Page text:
- With this beginning, the story starts in action, with a specific time, date, and description of the setting. It then presents the main character’s physical description and job title. The section ends with the main character’s motivation: four million dollars. In three lines, Chandler has covered many of the essential details of the character, the setting, and the story.
Show, don’t tell. If you tell your reader, “the detective was cool”, the reader will have to take your word for it. But if you show your reader the detective was cool by describing the clothing she wears and the way she walks into a room, the reader can see how cool the character is. The impact of showing your reader certain details is much more powerful than simply telling the reader what to think. 
- Think about how you would react in a situation if you were angry or scared. Have your character react in ways that communicate angry or scared, without telling the reader about the character’s emotions. For example, rather than “Stephanie was angry,” you could write: “Stephanie slammed her water glass down on the table so hard her dinner plate rattled. She glared at him, and started ripping the thin, white napkin into shreds with her fingers.”
- Showing, rather than telling also works well for descriptions of setting. For example, in The Big Sleep. rather than tell the reader the Sternwoods were wealthy, Chandler describes the luxurious details of the estate: “There were French doors at the back of the hall, beyond them a wide sweep of emerald grass to a white garage, in front of which a slim dark young chauffeur in shiny black leggings was dusting a maroon Packard convertible. Beyond the garage were some decorative trees trimmed as carefully as poodle dogs. Beyond them a large greenhouse with a domed roof. Then more trees and beyond everything the solid, uneven, comfortable line of the foothills.”
Surprise your reader but don’t confuse her. When creating a mystery, it’s important that the resolution does not feel abrupt or cheap. Try to always play fair and aim to surprise, rather than confuse, your reader. The clues presented in the story should lead to the solution in a logical and clear way, despite any red herrings or false leads. Your reader will enjoy the ending if you make her think, “It’s so obvious, I should have known!” 
Revise your first draft. Once you have created a first draft of your mystery story, go through your pages and look for key aspects, including:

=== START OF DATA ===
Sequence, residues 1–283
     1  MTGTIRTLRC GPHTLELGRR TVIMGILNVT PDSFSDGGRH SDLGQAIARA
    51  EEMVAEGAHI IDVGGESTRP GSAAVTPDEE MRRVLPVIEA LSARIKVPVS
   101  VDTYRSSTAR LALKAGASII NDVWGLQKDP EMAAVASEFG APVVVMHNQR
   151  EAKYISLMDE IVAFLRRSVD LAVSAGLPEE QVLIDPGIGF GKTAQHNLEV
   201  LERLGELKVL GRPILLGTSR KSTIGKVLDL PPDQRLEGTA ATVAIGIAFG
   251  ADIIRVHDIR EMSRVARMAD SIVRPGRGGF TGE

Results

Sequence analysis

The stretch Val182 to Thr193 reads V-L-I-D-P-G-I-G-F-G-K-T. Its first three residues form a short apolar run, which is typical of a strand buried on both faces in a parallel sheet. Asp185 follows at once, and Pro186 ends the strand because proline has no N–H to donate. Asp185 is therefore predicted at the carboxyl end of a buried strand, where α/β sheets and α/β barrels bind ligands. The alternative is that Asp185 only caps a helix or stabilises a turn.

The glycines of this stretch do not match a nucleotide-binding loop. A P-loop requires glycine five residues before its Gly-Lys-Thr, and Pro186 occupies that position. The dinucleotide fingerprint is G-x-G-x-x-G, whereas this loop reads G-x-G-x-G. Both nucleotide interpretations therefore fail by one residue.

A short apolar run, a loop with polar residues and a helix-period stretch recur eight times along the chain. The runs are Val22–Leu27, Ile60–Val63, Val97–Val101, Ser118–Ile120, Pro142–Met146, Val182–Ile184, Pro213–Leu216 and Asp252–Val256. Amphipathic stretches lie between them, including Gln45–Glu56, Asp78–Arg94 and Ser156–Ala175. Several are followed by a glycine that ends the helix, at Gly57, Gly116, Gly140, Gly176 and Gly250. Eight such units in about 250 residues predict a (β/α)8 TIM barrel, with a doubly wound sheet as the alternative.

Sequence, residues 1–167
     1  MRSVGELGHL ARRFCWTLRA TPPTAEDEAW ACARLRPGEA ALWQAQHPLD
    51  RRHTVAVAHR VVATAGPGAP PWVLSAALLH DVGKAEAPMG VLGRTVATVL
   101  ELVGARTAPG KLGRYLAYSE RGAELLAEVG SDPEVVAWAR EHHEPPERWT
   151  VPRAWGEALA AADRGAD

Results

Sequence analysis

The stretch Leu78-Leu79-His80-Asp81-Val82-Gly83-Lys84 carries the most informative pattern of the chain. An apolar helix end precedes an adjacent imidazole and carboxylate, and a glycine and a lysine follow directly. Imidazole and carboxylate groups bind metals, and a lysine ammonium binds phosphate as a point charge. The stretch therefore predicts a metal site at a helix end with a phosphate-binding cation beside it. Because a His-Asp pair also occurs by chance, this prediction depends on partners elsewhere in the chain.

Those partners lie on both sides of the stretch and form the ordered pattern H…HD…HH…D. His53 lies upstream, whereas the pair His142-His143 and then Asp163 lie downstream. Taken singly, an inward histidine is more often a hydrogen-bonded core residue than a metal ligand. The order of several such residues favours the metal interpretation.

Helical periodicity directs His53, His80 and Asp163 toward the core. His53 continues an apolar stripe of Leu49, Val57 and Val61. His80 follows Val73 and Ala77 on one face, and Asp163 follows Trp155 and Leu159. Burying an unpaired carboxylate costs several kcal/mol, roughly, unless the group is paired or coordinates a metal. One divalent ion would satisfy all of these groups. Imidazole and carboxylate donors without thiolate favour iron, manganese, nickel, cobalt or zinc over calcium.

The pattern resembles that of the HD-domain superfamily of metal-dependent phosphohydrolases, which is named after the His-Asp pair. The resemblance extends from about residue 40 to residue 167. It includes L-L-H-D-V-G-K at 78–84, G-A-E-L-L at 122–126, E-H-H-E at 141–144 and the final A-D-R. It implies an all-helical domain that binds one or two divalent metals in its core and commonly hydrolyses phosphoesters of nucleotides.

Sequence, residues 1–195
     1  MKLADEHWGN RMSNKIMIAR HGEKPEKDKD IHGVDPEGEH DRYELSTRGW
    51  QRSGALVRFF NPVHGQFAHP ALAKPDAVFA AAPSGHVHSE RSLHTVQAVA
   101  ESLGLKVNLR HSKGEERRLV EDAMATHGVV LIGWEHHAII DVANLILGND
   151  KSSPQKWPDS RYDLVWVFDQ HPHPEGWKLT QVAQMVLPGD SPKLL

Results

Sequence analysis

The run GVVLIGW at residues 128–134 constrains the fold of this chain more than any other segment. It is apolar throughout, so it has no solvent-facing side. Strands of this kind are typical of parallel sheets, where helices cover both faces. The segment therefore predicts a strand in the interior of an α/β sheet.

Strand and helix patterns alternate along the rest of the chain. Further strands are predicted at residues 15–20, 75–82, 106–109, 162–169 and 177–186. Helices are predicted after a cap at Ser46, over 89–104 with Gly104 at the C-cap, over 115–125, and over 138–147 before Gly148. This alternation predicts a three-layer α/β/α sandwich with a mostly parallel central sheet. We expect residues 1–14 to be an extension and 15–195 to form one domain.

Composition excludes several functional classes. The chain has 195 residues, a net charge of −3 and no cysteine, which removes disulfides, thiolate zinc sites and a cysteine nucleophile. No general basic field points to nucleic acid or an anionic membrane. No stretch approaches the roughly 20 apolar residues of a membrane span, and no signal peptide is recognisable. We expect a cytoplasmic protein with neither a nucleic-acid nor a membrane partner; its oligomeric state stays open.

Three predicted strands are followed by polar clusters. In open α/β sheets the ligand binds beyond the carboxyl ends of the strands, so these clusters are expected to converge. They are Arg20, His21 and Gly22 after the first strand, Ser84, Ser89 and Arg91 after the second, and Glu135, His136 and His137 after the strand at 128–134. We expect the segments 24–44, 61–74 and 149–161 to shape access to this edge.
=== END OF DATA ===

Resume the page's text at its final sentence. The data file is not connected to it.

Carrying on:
- Plot. Ensure your story sticks to the outline and has a clear beginning, middle, and an ending. You should also confirm your main character shifts or changes at the end of the story.
- Characters. Are your characters, including your main character, distinct and unique? Do all the characters sound and act the same or are they different from each other? Do your characters feel original and engaging?
- Pacing. Pacing is how fast or how slow the action moves in the story. Good pacing will feel invisible to the reader. If the story feels like it is moving too fast, make the scenes longer to draw out the emotions of the characters. If it feels like the story gets bogged down or confusing, shorten the scenes to only include essential information. A good rule of thumb is to always end a scene earlier than you might think or want. This will keep the tension from scene to scene from dropping and keep the pace of the story moving.
- The twist. The twist can either make or break a good mystery story. This is completely optional, but many of the best stories have a twist at the end. Make sure that a twist is not too “cheesy”. The more unique a twist is, the easier it is to write. When writing an overused twist, such as “then they woke up”, you’ll need to be a very good writer to make it sound good. A good twist not only fools the audience, but fools the character(s) too. Consider hinting towards the twist during action scenes, so that when the reader looks back on the story, they’ll wonder how they missed it. Try not to make the twist evident too early on.
How do I write the title of the story?
Answered by wikiHow Contributor
- The title of the story can often be the last thing you write, or come close to the end of the writing process. It can be hard to come up with a title if you don’t know your story very well. so writing your story can often provide insight on good titles. The book could be named after a character, a key theme or item in the book, or even a place name. If you’re planning on writing a series of books, it could be an idea to involve the main character’s name in the title.
Can I use more than one location in my story?
Answered by wikiHow Contributor
- Absolutely, you can use as many settings as you’d like, as long as they have some sort of connection and there aren’t so many that they overwhelm the reader.